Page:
That said, the BBC Newsnight coverage of both Bergman and Antonioni's deaths (I only heard about the former 'tribute' but had the misfortune to see the latter) were quite shameful, a display of British anti-intellectualism at its 'best'. I ended up even more depressed.

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colinr0380
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#87 Post by colinr0380 » Wed Aug 01, 2007 12:20 pm

I saw that as well. So not marginalised, instead trivialised! :D The first piece on Bergman was just snarky with implied views inherent in the tone of the questions asked. The second was an out and out attack by someone annoyed he had to deal with the cinema for a second night in a row - I got the impression that there would absolutely be no coverage given over to any filmmaker who dies in the next week just because they felt they had dealt with enough dead artists!

Considering the number of film questions Paxman asks the contestants on University Challenge you'd think he would at least have some knowledge of the subject!

I get the impression that criticism of that style is not targeted at the filmmakers themselves, who the people presenting the segment or writing the articles could probably care less about (and to criticise their work properly they would actually have to watch the films), but is more just the stick used to beat those with an interest in the subject!

Channel 4 news, on the other hand, had a shaky start on the Monday with the Bergman tribute (Jon Snow and Krishnan Guru Murthy, the two news presenters playing a game of chess in the studio in black and white over the end credits was particularly embarassing. As was Krishnan's gleeful final call of "Checkmate! You're dead!" to his companion) but the Antonioni piece on Tuesday was quite decent, relatively respectful, and devoted five minutes to discussing his work.
Last edited by colinr0380 on Thu Aug 02, 2007 1:59 pm, edited 2 times in total.

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exte
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#88 Post by exte » Wed Aug 01, 2007 12:48 pm


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Jeff
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#89 Post by Jeff » Wed Aug 01, 2007 2:54 pm

domino harvey wrote:I am pleased to see so many papers and international newscasts devoting space and time to Bergman's passing, and therefore I retract my earlier panic in this thread that his death would be marginalized.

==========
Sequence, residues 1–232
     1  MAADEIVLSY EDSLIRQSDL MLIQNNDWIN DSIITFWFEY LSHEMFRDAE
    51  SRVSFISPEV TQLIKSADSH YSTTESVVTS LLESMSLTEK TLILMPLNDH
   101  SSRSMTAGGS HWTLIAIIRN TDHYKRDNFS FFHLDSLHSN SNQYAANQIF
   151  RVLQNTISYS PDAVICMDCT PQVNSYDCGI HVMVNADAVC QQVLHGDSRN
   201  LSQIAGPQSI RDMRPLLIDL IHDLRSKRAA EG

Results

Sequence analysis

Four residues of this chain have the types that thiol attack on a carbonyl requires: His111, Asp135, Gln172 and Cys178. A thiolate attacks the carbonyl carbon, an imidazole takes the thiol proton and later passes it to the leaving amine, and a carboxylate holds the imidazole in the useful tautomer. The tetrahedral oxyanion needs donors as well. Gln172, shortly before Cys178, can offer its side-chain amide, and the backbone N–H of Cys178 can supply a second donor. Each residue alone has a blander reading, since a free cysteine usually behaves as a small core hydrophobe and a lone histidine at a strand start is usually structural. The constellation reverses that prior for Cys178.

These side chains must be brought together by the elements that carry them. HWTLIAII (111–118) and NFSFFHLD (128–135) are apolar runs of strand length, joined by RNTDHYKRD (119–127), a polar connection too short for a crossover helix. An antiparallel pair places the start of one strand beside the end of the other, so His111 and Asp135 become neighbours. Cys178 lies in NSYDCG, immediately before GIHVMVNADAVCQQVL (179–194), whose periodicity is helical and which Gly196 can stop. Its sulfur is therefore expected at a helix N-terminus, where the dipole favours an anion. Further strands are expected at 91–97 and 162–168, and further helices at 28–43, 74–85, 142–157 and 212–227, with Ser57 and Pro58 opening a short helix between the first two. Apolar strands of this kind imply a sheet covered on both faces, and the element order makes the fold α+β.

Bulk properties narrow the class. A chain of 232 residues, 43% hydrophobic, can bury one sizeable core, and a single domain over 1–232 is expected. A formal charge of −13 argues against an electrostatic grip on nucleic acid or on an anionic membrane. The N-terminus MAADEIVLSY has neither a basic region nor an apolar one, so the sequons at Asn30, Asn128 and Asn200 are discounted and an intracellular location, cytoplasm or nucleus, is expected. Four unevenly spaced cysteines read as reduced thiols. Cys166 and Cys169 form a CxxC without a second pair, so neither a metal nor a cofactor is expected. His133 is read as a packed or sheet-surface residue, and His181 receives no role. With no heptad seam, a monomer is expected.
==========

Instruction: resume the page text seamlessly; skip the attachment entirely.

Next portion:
Image

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Antoine Doinel
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#90 Post by Antoine Doinel » Wed Aug 01, 2007 3:01 pm

Paul Schrader with his thoughts on Bergman.

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tavernier
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#91 Post by tavernier » Wed Aug 01, 2007 3:06 pm

What's funny about that Simpsons cartoon is that the people who created the show/movie do know who Bergman is....still, the cartoon would have been better if there was a string of posters of all the lamebrained summer blockbusters so far this year.

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Matt
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#92 Post by Matt » Wed Aug 01, 2007 3:26 pm

tavernier wrote:What's funny about that Simpsons cartoon....
And that's the only thing funny about it.

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souvenir
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#93 Post by souvenir » Wed Aug 01, 2007 3:30 pm

tavernier wrote:What's funny about that Simpsons cartoon is that the people who created the show/movie do know who Bergman is...
Thinking of television shows and Bergman reminded me of that great Northern Exposure episode where Ed Chigliak watches Wild Strawberries with "Woody Allen's grandmother."

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Matt
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#94 Post by Matt » Wed Aug 01, 2007 3:51 pm

Presciently, University of Chicago Press just published a new edition of Bergman's autobiography, The Magic Camera.

Robert de la Cheyniest
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#95 Post by Robert de la Cheyniest » Thu Aug 02, 2007 1:39 am

I shouldn't even be posting this but:

The dumbest thing I've ever read

Way to just shit all over a great artist, asshole. No wonder they say appreciation of "art cinema" is dying.

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MichaelB
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#96 Post by MichaelB » Thu Aug 02, 2007 1:58 am

Stephen Pollard has a longstanding track record as a professional idiot - sorry, "controversialist".

There is absolutely no point reading anything he writes, let alone getting worked up about it.

Robert de la Cheyniest
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#97 Post by Robert de la Cheyniest » Thu Aug 02, 2007 2:08 am

MichaelB wrote:Stephen Pollard has a longstanding track record as a professional idiot - sorry, "controversialist".

There is absolutely no point reading anything he writes, let alone getting worked up about it.
Thanks for the info Michael, I had no idea who Pollard was and it just came up on Google news while I was skimming through tributes.

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Luke M
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#98 Post by Luke M » Thu Aug 02, 2007 2:28 am

Robert de la Cheyniest wrote:The dumbest thing I've ever read
Wow, I always thought it was just America that had ignorant redneck Nascar lovin' movie critics.

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MichaelB
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#99 Post by MichaelB » Thu Aug 02, 2007 4:53 am

Pollard isn't a movie critic - he's a newspaper columnist.

Seriously, it's not worth paying him more than a second's attention. He deliberately writes contentious crap to be provocative, and if it generates a huge virtual or actual postbag, even if it's overwhelmingly negative, his editors are delighted - because that's why they hire him

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exte
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#100 Post by exte » Thu Aug 02, 2007 7:38 am